Not at the superior visual and audio quality of the new Blu-ray version, which is awesome, but at the replacement of the specific DVD copy that has been a part of my life, literally for decades now. For some, sentimentality over a particular copy of a particular movie that was mass-produced around the world may be difficult to grasp. It's the same basic drive that fuels all sentimental connections, I suppose; that particular thing is associated in one's brain with another thing that occurred in temporal proximity as that brain tries to make sense of all this data. With 12 Monkeys it's not as visceral as some other films--I remember I bought it at the local CD Plus back when that chain still existed in Canada--but I can't narrow down the exact time. But I still remember that in my budding collection of maybe a couple of dozen films, 12 Monkeys made that early cut of essential films I had to have at my fingertips at all times.
John Carpenter. When you absolutely, positively have to scare every last bubble-gum chewer in the room, accept no substitute. Some people live with no regrets; regretting stuff is pretty much all I do. With regards to my video library, one of my current regrets is the lack of John Carpenter films, which I've started to remedy with my recent acquisition of Prince of Darkness, an integral entry in his self-described "Apocalypse Trilogy" alongside The Thing and In The Mouth of Madness. In this company, Prince of Darkness is the weakest entry, but it's also a great entry. Any time you can get Donald Pleasence, Victor Wong, Dennis Dun, and Alice Cooper in the same film about an ultimate evil force trying to bring about the end of days, you can't go wrong.
The Second Era of movie collecting for me would be marked by the wrap up of The Great DVD Purge, which began in 2005 and ended a short year later in 2006. For the record, the First Era would be everything before DVD technology, so all those VHS movies I bought and movies that were crudely recorded off television. It could also be marked by a shift in the rules of buying. I developed a DVD Counting Standard before, but the rules of acquisition were never clearly defined, nor would they be. But there would be - and has been - a value in placing, at least, some loose guidelines to my own buying habits.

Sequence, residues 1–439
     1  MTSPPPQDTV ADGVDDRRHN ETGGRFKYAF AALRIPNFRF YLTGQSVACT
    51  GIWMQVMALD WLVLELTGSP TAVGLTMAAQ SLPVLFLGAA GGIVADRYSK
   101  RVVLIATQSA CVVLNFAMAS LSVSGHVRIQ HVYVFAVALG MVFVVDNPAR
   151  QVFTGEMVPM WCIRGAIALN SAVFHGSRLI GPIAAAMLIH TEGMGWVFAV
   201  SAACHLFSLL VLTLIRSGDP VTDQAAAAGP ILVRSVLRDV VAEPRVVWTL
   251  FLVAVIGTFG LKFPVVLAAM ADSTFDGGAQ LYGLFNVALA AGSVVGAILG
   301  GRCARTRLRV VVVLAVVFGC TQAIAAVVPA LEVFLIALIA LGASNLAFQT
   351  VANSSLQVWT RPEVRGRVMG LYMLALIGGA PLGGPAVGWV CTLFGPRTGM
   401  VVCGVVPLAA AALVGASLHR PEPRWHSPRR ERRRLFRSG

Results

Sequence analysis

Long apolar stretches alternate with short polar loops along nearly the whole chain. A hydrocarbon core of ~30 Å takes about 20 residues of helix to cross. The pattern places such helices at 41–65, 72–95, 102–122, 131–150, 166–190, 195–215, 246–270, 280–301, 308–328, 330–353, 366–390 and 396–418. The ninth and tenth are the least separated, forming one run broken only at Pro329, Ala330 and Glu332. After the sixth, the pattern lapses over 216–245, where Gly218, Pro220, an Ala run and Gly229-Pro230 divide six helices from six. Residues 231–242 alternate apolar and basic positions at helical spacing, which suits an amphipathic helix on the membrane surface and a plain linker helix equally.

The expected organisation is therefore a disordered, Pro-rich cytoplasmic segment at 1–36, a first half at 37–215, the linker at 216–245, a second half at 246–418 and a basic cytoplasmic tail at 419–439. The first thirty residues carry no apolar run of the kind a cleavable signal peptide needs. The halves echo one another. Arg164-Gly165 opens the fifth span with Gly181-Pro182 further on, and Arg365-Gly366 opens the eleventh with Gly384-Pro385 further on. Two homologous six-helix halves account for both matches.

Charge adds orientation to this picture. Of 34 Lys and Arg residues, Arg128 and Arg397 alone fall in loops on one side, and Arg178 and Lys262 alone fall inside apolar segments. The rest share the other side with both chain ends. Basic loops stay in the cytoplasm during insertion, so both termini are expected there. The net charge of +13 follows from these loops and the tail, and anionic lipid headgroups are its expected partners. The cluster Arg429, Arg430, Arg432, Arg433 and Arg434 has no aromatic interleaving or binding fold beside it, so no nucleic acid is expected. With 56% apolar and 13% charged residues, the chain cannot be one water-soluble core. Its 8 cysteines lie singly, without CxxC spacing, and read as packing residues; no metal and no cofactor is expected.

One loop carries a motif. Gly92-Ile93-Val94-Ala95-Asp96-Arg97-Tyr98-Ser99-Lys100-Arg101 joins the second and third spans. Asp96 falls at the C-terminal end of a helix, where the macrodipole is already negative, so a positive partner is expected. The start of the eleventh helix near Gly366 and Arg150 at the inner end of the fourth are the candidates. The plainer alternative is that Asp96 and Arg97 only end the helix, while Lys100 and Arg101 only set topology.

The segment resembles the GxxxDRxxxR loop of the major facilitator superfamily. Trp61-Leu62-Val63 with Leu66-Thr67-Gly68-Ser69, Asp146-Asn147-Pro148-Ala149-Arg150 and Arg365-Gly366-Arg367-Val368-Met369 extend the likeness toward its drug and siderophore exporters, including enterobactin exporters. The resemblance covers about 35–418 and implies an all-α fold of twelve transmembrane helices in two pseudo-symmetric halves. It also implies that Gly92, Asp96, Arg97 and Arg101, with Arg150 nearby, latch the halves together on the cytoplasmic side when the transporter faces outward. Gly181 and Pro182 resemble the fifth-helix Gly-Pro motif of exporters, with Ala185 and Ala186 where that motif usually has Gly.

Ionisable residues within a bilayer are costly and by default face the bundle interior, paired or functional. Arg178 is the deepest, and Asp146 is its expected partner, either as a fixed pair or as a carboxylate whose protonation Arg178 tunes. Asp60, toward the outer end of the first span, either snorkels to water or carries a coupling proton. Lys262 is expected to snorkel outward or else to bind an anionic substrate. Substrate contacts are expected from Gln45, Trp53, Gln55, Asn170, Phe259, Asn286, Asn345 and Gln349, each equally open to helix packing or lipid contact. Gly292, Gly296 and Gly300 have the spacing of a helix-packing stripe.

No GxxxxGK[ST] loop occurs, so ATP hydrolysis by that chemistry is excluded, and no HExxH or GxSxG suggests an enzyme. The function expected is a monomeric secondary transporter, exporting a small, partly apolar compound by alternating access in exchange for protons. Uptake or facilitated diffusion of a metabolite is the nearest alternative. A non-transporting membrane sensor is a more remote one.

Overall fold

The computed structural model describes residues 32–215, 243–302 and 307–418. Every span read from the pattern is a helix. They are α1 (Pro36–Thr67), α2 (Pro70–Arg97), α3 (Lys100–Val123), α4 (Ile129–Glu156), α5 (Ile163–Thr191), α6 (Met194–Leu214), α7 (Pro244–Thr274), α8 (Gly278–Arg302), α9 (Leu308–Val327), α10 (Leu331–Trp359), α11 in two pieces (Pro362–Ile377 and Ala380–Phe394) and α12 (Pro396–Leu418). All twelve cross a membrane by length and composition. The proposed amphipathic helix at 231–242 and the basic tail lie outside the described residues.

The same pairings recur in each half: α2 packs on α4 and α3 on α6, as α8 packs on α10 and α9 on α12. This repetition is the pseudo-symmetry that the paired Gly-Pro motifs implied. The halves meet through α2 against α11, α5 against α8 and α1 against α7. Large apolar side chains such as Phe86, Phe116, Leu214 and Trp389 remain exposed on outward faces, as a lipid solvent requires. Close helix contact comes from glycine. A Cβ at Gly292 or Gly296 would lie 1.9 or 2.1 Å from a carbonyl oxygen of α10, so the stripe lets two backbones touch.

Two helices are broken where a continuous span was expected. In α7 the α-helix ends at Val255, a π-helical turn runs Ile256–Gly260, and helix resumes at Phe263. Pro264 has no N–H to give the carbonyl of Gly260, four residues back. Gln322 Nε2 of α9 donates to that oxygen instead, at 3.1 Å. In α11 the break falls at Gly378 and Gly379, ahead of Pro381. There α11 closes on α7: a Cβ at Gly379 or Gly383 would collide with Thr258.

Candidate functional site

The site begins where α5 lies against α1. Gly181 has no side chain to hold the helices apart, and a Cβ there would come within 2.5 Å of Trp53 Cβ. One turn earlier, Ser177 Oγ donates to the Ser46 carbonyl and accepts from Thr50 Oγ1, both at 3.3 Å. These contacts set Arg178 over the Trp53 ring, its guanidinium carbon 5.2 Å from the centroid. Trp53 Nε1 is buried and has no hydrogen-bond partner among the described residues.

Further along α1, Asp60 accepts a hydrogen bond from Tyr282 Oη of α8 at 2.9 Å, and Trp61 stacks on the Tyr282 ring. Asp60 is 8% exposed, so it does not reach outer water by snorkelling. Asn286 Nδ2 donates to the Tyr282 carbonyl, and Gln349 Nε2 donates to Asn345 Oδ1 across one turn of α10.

I wouldn't say that I was out of control with DVDs. Financially, it was difficult to do so. Today, with a decent amount of disposable income, combined with easier access and an abundance of special editions create a perfect recipe to get carried away. I tried putting some limitations on myself.
Now that a bit of the history of my collecting has been recounted, I want to share with you the collection itself. I'll start with the DVDs - the last remaining greats of the Great DVD Purge.
Many of you may remember the high definition format war that occured between HD-DVD and Blu-Ray. It was a confusing time that I would equate to Betamax and VHS (although my family had plenty of both) back in the eighties but not something that I had to deal with directly; I was a child, after all. The high definition wars had me at my prime: I had money, I had knowledge, and I had a love for movies. So which one do I go with?
It came down to dollars, initially. Since I had an Xbox 360 it was cheapest for me to get the HD-DVD add on, and with it, I bought a slew of movies. Many of them were upgrades of DVDs, so I was able to continue to get rid of the original DVD collection. One of the first movies I recall playing was TRAINING DAY. The scene I remember as a standout of high definition was an interior shot of a car driving in the rain; the rain drops collected on the window, while the actors inside remained sharp. The detail throughout was amazing, and you could see the depth of the picture: the actors, the window and the world outside. HD-DVD really impressed me, especially on the 50 inch DLP television I was able to pick up around the same time, which was a set that would last me years and never failed to impress with quality. It was very sad to let go of.
In 2005, everything changed.
I finished school: four years of university and an additional year of college. I quickly moved back to my home town and was living in my friend's basement trying to find a job. Four long months went by with nothing. To say that times were tough is an understatement, but I had supportive parents who kept me afloat. Unfortunately it meant a complete stoppage of luxury items, which included DVDs. The collecting had come to a crashing halt, to which it has never recovered. When I did get a job, I went out looking for a movie to buy, but couldn't pull the trigger on anything. THE AVIATOR had just come out - a movie I thoroughly enjoyed - but I couldn't justify the cost. Bills were in the way, including car payments, rent and groceries.